• In his sixth and final Paralympic Winter Games, the legendary Brian McKeever further cemented his bursting place in the sporting history books, winning three gold for a total of 20 career Paralympic medals. Already Canada’s most decorated Winter Paralympian and the world’s most successful male Para cross-country skier heading into the Games, he is also now tied with German Para alpine skier Gerd Schoenfelder for the most-ever gold medals won by a male winter Paralympian with 16.
• Brian McKeever, Mark Arendz, and Natalie Wilkie all represent different generations of Canada’s uber successful Para nordic team – McKeever, age 42, at his sixth Games; Arendz, age 32, at his fourth Games; Wilkie, age 21, at her second Games
• Nine athletes were multi-medallists in Beijing: Mark Arendz (4), Natalie Wilkie (4), Brian McKeever (3), Collin Cameron (3), Mollie Jepsen (2), Tyler Turner (2), Alana Ramsay (2), Brittany Hudak (2), and guide Russell Kennedy (2)
• 12 athletes won a Paralympic medal at their debut Games: Tyler Turner, Lisa DeJong, Jon Thurston, Collinda Joseph, guide Tristan Rodgers, Rod Crane, Anton Jacobs-Webb, Adam Kingsmill, Zach Lavin, Antoine Lehoux, Garrett Riley, and Branden Sison
• Para alpine skier Mollie Jepsen was Canada’s first medallist with a gold in the downhill on day one of the Games
• Monday March 7 was Canada’s biggest medal day, winning three gold, a silver, and two bronze
• Canada’s Para snowboarders created history in Beijing, winning the country’s first-ever medals in the sport since it joined the Paralympic program in 2014. Lisa DeJong won a silver for Canada’s first podium before Tyler Turner captured the first gold, both in snowboard cross. Turner also added a bronze in banked slalom.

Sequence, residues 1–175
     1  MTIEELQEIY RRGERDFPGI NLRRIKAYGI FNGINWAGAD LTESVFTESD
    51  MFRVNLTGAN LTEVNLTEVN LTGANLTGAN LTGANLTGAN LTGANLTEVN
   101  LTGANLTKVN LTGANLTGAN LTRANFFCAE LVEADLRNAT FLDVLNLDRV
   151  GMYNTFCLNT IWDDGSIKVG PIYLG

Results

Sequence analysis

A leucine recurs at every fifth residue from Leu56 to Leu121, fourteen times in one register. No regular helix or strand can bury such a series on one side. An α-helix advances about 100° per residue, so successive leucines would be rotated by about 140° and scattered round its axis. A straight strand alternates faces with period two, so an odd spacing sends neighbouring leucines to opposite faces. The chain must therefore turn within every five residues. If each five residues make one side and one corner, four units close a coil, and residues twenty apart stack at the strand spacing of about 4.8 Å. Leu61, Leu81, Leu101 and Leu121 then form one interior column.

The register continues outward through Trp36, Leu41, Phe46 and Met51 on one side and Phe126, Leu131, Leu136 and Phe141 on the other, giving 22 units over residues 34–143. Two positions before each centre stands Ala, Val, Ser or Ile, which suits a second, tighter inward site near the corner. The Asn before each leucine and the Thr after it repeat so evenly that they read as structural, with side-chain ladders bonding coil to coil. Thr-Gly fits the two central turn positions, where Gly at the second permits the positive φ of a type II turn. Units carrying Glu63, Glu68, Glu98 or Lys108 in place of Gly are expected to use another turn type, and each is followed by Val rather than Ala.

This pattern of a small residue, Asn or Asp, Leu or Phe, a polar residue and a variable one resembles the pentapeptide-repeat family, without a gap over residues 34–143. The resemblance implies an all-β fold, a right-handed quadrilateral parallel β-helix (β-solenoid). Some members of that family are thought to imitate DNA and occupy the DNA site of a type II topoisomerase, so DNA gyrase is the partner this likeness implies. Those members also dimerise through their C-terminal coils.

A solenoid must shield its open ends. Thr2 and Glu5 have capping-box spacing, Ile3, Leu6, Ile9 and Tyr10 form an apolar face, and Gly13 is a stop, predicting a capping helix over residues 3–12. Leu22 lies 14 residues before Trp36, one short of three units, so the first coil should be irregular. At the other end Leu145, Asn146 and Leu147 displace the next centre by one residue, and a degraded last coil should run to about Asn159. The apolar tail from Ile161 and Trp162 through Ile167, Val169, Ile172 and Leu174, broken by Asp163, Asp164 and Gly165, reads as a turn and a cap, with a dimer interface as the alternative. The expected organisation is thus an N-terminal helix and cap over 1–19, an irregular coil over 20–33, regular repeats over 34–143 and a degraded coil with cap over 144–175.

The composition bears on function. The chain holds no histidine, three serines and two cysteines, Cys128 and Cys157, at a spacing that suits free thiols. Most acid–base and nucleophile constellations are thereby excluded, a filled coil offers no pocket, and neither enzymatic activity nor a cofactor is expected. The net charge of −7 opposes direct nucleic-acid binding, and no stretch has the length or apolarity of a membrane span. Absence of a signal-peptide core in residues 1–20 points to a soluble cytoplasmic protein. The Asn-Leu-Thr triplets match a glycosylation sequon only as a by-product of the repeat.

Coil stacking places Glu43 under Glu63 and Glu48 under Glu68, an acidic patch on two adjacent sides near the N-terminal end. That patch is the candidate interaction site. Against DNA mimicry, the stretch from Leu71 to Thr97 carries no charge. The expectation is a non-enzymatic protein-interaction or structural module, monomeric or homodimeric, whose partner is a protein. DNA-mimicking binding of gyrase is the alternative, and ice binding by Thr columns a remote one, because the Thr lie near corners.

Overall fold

• Para nordic skier Natalie Wilkie was Canada’s youngest medallist at the Games. She turned 21 years old in January.
• Dennis Thiessen of wheelchair curling was Canada’s oldest medallist at the age of 60.
• Canada’s wheelchair curling team claimed bronze to extend its podium streak to five consecutive Games. The sport joined the Paralympic Winter Games in 2006 and Canada has since won three gold (2006, 2010, 2014) and two bronze (2018, 2022).
• Mark Arendz crossed the double-digit mark in career Paralympic medals. He started Beijing with eight, and added four more for a total of 12.
• Canada’s Para nordic skiing team surpassed the 50 medal mark for total Paralympic medals going back to the first winter Games in 1976. The team started the Games with 45 and have finished with 59 (46 in cross country and 13 in biathlon).
• Medallists by listed home province: Ontario (16), British Columbia (6), Quebec (4), Alberta (4), Saskatchewan (2), Prince Edward Island (2), Manitoba (1), Yukon (1), and Newfoundland & Labrador (1)
• Canada’s Opening Ceremony flag bearers Ina Forrest (wheelchair curling) and Greg Westlake (Para ice hockey) won a bronze and silver in their respective team sports, while Closing Ceremony flag bearer Mollie Jepsen (Para alpine skiing) comes home with two medals, a gold and silver